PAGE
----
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Two Eyes for an Eye: The Neuroscience of Force Escalation

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Science  11 Jul 2003:
Vol. 301, Issue 5630, pp. 187
DOI: 10.1126/science.1085327

Physical conflicts tend to escalate. For example, as tit-for-tat exchanges between two children escalate, both will often assert that the other hit him or her harder. Here we show that, in such situations, both sides are reporting their true percept and that the escalation is a natural by-product of neural processing.

Six pairs of naïve participants took part in a tit-for-tat experiment. Each member of a pair rested his or her left index finger in a molded support. A force transducer, which was attached to a lightweight lever of a torque motor, was placed on top of this finger (Fig. 1, inset). A trial was started by one torque motor producing a 0.25 N force on one participant's finger. Participants then took turns to press with their right index finger down for 3 s on the force transducer resting on the other's left index finger. They were instructed to apply the same force on the other participant that had just been exerted on them. Each participant was unaware of the instructions given to the other. In all cases, the forces escalated rapidly (Fig. 1A). Across the six pairs, there was a significant (F1,5 = 12.1, P < 0.05) average increase of 3.2 N over the eight turns corresponding to a 38% mean escalation on each turn. The increase was also significant (P < 0.05) within every pair of participants. Thus, force escalation occurs rapidly even under instructions designed to achieve parity.

Fig. 1.

(A) Force escalation in a typical pair (participant 1, solid circles; participant 2, empty circles; mean ± SE across four trials). The initial force (white square) was generated on participant 1 by the torque motor. (B) Matching force generated using the right finger (solid circles) and joystick (white circles) as a function of the externally generated force (mean ± SE across participants). Dotted line, perfect performance. On each trial, the torque motor generated a force between 0.5 and 2.75 N for 3 s (40 pseudo-randomized trials). Each participant experienced both conditions in a counterbalanced order (participant 1, gray hands and solid circles; participant 2, white hands and open circles; mean ± SE across four trials).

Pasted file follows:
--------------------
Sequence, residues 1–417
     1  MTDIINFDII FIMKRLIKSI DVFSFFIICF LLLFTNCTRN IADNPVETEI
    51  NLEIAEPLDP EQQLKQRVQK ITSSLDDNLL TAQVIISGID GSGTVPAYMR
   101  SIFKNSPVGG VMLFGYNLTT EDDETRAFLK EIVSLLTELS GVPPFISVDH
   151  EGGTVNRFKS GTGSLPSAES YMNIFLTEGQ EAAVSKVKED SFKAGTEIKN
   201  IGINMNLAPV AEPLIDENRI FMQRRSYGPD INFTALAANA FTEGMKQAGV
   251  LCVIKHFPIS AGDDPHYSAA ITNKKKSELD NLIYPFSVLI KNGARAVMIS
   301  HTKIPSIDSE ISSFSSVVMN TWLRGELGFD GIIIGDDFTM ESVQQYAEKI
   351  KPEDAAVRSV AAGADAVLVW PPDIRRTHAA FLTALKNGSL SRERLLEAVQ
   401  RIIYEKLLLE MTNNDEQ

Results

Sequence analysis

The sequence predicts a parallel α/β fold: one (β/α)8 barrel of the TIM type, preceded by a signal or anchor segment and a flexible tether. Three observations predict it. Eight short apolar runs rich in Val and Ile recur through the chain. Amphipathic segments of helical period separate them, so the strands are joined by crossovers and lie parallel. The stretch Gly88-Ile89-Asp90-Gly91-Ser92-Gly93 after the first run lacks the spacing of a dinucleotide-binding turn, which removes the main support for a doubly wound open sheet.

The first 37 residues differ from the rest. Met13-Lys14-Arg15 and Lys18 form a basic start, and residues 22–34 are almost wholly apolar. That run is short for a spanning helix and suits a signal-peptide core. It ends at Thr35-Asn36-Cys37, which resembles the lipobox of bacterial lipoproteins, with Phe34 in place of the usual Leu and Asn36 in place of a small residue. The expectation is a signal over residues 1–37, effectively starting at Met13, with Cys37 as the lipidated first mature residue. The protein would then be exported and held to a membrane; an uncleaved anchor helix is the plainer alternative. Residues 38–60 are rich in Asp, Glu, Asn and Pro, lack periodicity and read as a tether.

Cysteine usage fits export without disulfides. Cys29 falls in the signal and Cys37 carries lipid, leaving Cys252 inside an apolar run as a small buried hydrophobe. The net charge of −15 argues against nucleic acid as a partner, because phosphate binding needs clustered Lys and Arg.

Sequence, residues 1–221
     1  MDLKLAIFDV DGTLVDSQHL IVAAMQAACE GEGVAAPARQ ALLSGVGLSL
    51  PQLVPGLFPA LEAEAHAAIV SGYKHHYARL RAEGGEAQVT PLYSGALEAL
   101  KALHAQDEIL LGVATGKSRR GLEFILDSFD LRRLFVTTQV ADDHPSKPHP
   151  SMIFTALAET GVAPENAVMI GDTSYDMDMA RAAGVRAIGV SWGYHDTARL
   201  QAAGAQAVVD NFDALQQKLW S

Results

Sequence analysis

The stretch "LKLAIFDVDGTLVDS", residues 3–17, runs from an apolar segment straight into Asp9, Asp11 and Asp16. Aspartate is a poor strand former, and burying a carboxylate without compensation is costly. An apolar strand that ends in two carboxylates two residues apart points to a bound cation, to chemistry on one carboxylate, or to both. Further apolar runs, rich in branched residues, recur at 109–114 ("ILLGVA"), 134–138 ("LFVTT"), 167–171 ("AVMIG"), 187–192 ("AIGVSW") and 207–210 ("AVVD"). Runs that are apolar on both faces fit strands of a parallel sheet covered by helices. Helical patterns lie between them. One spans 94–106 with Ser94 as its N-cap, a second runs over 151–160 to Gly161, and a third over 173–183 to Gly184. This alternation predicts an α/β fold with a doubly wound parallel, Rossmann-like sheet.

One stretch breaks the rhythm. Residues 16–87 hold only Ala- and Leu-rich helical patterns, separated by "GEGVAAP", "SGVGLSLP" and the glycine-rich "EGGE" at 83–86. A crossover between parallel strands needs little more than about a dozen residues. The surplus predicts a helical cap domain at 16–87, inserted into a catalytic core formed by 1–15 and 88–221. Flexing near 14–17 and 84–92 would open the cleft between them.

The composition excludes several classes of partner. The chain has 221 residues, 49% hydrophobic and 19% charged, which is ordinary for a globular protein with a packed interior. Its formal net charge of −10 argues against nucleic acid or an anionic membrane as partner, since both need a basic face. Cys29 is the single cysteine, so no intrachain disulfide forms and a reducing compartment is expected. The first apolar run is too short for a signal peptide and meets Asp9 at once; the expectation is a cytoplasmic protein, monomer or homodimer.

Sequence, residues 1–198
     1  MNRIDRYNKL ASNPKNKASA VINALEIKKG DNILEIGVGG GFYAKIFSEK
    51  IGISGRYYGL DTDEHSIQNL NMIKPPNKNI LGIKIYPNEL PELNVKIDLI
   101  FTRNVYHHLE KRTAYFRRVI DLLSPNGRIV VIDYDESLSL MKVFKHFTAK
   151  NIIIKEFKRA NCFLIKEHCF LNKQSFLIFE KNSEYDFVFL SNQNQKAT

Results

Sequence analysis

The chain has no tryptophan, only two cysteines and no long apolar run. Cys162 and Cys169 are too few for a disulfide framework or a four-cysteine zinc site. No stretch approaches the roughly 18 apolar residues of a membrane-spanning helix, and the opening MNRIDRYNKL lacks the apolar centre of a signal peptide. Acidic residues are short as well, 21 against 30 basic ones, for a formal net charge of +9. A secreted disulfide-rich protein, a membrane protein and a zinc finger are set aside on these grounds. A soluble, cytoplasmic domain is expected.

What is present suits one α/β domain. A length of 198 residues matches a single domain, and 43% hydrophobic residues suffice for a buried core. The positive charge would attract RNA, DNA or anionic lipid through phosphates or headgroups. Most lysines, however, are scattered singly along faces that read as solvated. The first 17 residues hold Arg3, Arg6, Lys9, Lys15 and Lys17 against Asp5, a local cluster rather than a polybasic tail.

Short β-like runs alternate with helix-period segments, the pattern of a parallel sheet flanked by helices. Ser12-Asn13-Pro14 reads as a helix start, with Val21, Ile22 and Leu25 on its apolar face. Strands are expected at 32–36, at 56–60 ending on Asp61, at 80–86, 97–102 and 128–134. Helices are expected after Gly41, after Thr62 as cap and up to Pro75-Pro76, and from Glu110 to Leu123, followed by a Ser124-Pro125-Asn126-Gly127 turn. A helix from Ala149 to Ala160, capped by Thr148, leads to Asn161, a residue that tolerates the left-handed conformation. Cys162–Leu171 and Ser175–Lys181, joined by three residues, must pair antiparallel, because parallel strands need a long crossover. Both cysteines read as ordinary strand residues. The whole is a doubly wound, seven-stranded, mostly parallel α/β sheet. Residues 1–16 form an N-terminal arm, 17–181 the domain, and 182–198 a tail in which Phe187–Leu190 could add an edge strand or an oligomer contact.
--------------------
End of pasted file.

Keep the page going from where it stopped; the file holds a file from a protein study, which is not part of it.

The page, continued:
To investigate the basis of the escalation process, we examined the perception of force in an additional 12 naïve participants tested individually. A torque motor applied a brief constant force to the tip of the participant's left index finger that was resting in a molded support. When participants were required to use their right index finger to match the perceived force, by pushing on their left index finger through the force transducer, they consistently overestimated the force required [Fig. 1B (⚫)]. This observation suggests that self-generated forces are perceived as weaker than externally generated forces of the same magnitude. This could arise from a predictive process (13) in which the sensory consequences of a movement are anticipated and used to attenuate the percepts related to these sensations. Such a mechanism removes some of the predictable component of the sensory input to self-generated stimuli, thereby enhancing the salience of sensations that have an external cause (47). In a second condition, participants were required to reproduce the experienced force using their right index finger to move a joystick that controlled the force output of the torque motor. The active hand does not generate the force directly; the hand's movement is translated into a force through the torque motor. In this unusual situation, predictive mechanisms are not employed (8). When the force was generated via the joystick, the reproduced force matched the original force much more accurately [Fig. 1B (◯)]. A regression analysis showed a significant increase in both the intercept (F1,11 = 18.1, P < 0.01) and slope (F1,11 = 25.7, P < 0.001) when the force was applied directly rather than via the joystick. The average increase across the 12 participants was 0.53 N (0.12 N, SE) for the intercept and 49% (9%, SE.) for the slope.

The attenuation of self-generated forces occurred in our experiments even though accurate perception of force was the primary requirement of the task, suggesting that such attenuation is very unlikely to be mediated via attentional mechanisms. Previous studies have shown that sensory perception is attenuated in a moving arm or finger (911). Here we have shown substantial attenuation in the resting finger when the tactile stimulus is self-generated (12). Despite the stimuli being identical at the level of peripheral sensation, the perception of force is reduced by about a half when the force is self-generated. Force escalation can, therefore, be seen as a by-product of predictive sensory attenuation.

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